In our previous blog Print Blacks Right The First Time we discussed the basics of using a combination of CMYK to create rich black colors when printing. Today we want to take things a bit further and talk about Total Area Coverage
Total Area Coverage
When there are several colors being printed on top of each other, as in when printing a rich black (c60 m40 y40 k100), there is a limit to the amount of ink that can be put on paper. When designers ignore these limitations serious issues are caused on the press; For example, the last ink that’s laid down on the paper won’t attach properly to the previous layer leading to muddy colors in neutral areas and ink that won’t dry properly, then rub off on the sheet that’s placed on top. This limitation is called Total Area Coverage (TAC) or Total Ink Coverage (TIC).
Total Area Coverage is specified as a percentage. You get this percentage by adding up the percentage values used in each color, so using (c100 m100 y100 k100) would give you a Total Area Coverage of 400%. The maximum that a printer will except will depend on several factors:
The printing process: Digital, laser, sheet offset and web offset each have their own limitations.
Paper Stock: Different papers will have their own limitations, this includes coated and uncoated.
Colors: The amount of colors being printed simultaneously will also affect intermediate drying times which will require limitations on TAC.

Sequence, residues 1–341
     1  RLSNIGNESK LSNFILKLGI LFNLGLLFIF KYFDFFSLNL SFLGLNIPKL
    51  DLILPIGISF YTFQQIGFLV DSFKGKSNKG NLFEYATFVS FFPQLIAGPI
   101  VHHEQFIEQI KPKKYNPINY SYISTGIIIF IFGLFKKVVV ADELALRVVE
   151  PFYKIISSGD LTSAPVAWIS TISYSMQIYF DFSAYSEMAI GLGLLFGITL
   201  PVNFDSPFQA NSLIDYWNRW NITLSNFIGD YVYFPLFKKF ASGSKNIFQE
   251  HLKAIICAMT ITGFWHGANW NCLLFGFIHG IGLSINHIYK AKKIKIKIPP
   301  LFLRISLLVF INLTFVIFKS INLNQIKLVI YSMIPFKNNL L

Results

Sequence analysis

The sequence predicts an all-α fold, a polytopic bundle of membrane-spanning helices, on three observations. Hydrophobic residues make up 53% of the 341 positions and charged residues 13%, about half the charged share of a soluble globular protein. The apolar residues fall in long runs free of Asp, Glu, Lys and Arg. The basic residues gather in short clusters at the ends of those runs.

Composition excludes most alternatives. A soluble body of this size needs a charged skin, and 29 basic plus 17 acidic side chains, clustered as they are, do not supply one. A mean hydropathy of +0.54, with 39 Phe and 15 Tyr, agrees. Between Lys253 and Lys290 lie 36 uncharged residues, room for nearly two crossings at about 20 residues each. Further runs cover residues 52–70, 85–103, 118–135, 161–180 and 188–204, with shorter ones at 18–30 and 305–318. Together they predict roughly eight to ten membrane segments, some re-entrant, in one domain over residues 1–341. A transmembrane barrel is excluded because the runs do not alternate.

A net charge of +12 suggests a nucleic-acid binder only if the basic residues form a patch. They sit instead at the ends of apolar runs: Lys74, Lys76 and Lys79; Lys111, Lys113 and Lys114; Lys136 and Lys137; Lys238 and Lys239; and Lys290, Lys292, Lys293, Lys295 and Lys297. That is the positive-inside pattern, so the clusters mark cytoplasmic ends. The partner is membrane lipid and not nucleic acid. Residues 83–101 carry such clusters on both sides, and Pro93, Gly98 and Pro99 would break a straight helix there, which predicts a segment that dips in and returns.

It’s always best to consult with your printer and discuss their TAC limitations prior to submitting work for print.
Here are the industry standards for Total Area Coverage
Commercial offset Printing: 320 – 340%
Heatset web offset (Magazines): 300 – 320%
Non-Heatset web offset (News papers): 240 – 260%
Inkjet Devices: 300 – 350%
Checking your TAC
To check the total area coverage of your design there are several options within Photoshop, Illustrator and InDesign. Today i’m only going to discuss how to preview TAC on any file using Adobe Acrobat.
Start by exporting your files as a PDF.
Open the PDF using Adobe Acrobat and use the Output Preview option to preview the TAC based on your selected value.
In the example above we have taken the image on the left and used the Output Previewer on the right to highlight all the areas with a TAC higher than 300%. As you can see Adobe Acrobat highlights in green all the areas with a total area coverage of more than 300%. If we refer to our industry standard we can see that this image would work fine if being printed on a magazine but could cause a potential over-inking problem if printed on newspaper.
In this case if we where planing on printing on newspaper we would adjust and reduce the black color percentages to meet the printing standards. If we where planing using commercial offset printing we would adjust and increase the the black color values since we have more ink available to us to create a nicer rich black color.